He wouldn't have gotten away with it in our day. How could Jesus call that woman a dog?
Of all the snapshots of Jesus the Gospels give us, his encounter with the Canaanite woman is one many of us would like to rip from the scrapbook. What was he thinking? How did that poor mother feel? What was he teaching his disciples? What kind of fodder was he feeding his enemies?
|20th Sunday in
|Isaiah 56:1, 6-7
Romans 11: 13-15, 29-32
Let's take it from the vantage point of the disciples. If they had already seen him conversing one noon with that Samaritan woman at the well (John 4), they probably didn't trust him to react "normally" to this situation. What did they think of that crazed foreign woman ranting after them asking Jesus for a miracle? The answer to that last question is pretty clear. They wanted him to get rid of her.
Have you noted that in the first half of the story, the woman is crying out but nobody responds to her? The disciples complain about her to Jesus, and he answers them. The woman is like a backdrop to their conversation, and Jesus seems to share the opinion that is precisely where she belongs. She's not a lost sheep.
But she won't have it. Stepping out of the sidelines, she drops to her knees directly in front of him (you can almost see her grabbing his legs or, more modestly, blocking his path). She looks him in the face and calls on him as the Lord who has the power to alter the tragedy of her life. That should leave the disciples even more agitated than before. Where does she get off thrusting herself into their path and calling him Lord? What's it to her that he's the Son of David? That's their sacred language, and this pagan fanatic has no right to use it.
Then comes the clincher: The gentle Jesus declares that dogs don't have a right to the children's food. Even if the word he used was "puppy" rather than dog, how could he look her in the face and say that? Or perhaps he wasn't looking at her.
If Jesus was looking at the disciples as he spoke, he surely pleased them. His statement vindicated their sense of superiority over the pagans. It assured them that the community should maintain strict boundaries and that not just anyone could make a claim on their God.
If, on the other hand, Jesus was addressing himself to the woman, he gave her the perfect opening for a priceless debate. He made reference to the extended family of Israel while she was pleading for her own flesh and blood. In her situation, all rules of religious or ethnic propriety were meaningless. She took his opening gambit and one-upped him in the game. If she didn't have a claim to a place at the table, there was surely no rule against gleaning what would be otherwise wasted. My guess is that Jesus laughed out loud as he heard her retort.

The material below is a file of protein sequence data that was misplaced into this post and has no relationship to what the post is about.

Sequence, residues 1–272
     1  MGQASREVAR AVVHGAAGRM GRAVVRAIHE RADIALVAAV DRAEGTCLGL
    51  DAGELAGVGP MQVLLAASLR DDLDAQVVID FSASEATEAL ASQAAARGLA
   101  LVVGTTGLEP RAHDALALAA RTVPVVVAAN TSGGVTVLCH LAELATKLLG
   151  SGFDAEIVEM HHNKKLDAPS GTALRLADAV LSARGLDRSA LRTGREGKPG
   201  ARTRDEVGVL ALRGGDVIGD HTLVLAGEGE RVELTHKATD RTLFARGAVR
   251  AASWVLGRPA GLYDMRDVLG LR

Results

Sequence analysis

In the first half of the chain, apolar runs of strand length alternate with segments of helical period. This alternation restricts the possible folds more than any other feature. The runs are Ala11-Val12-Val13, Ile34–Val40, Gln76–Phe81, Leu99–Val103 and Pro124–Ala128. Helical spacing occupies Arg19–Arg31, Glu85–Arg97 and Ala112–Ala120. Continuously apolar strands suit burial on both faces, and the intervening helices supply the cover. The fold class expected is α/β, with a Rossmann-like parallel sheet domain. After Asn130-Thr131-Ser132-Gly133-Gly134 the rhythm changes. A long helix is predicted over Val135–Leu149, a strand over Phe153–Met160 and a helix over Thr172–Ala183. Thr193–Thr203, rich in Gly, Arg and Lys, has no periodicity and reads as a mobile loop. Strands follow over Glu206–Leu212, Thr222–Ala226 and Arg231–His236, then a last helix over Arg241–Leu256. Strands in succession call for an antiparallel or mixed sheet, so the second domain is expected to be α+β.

The disciples must have been absolutely astounded. They were not used to seeing someone banter and get the better of Jesus. They hardly expected Jesus to rejoice in her comeback, but he not only rejoiced, he held her up as an example of great faith.
Once again, Jesus pulled it off. Allowing this persistent woman to be his foil in a living parable, Jesus led the disciples and bystanders up the path to confronting their own prejudices and restricted conceptions of God's mercy.
Lest we relax comfortably, enjoying our vantage on the disciples' comeuppance, today's readings challenge us to take a hard look at our own situation in the light of the Word. Isaiah's oracle (56:1-7) was set up to offend the orthodox. Going against what the law taught about who should be excluded from offering sacrifice (Deuteronomy 23:2-4), Isaiah declares that God's only criteria for ministry is that the person desire it, love God's name and prove their sincerity through worship validated in a just lifestyle. Paul tells the Romans that God can work through every human intransigency; the gentile Christians are a blessing that can rebound to the Jews. Jesus' interaction with the Canaanite woman reminds us that every one of our prejudices needs to be exposed and transformed.
As we go through the coming week, we would do well to remember these readings, allowing them to work as attitude adjusters for us. They challenge us to become aware of our own narrowness and desire for one-upmanship so that we may abandon them and learn what it means that God's love and mercy knows no limits.
[Mary M. McGlone is a Sister of St. Joseph of Carondelet. She is a freelance writer and executive director of FUVIRESE USA, a charitable foundation that supports work with people with disabilities in Ecuador.]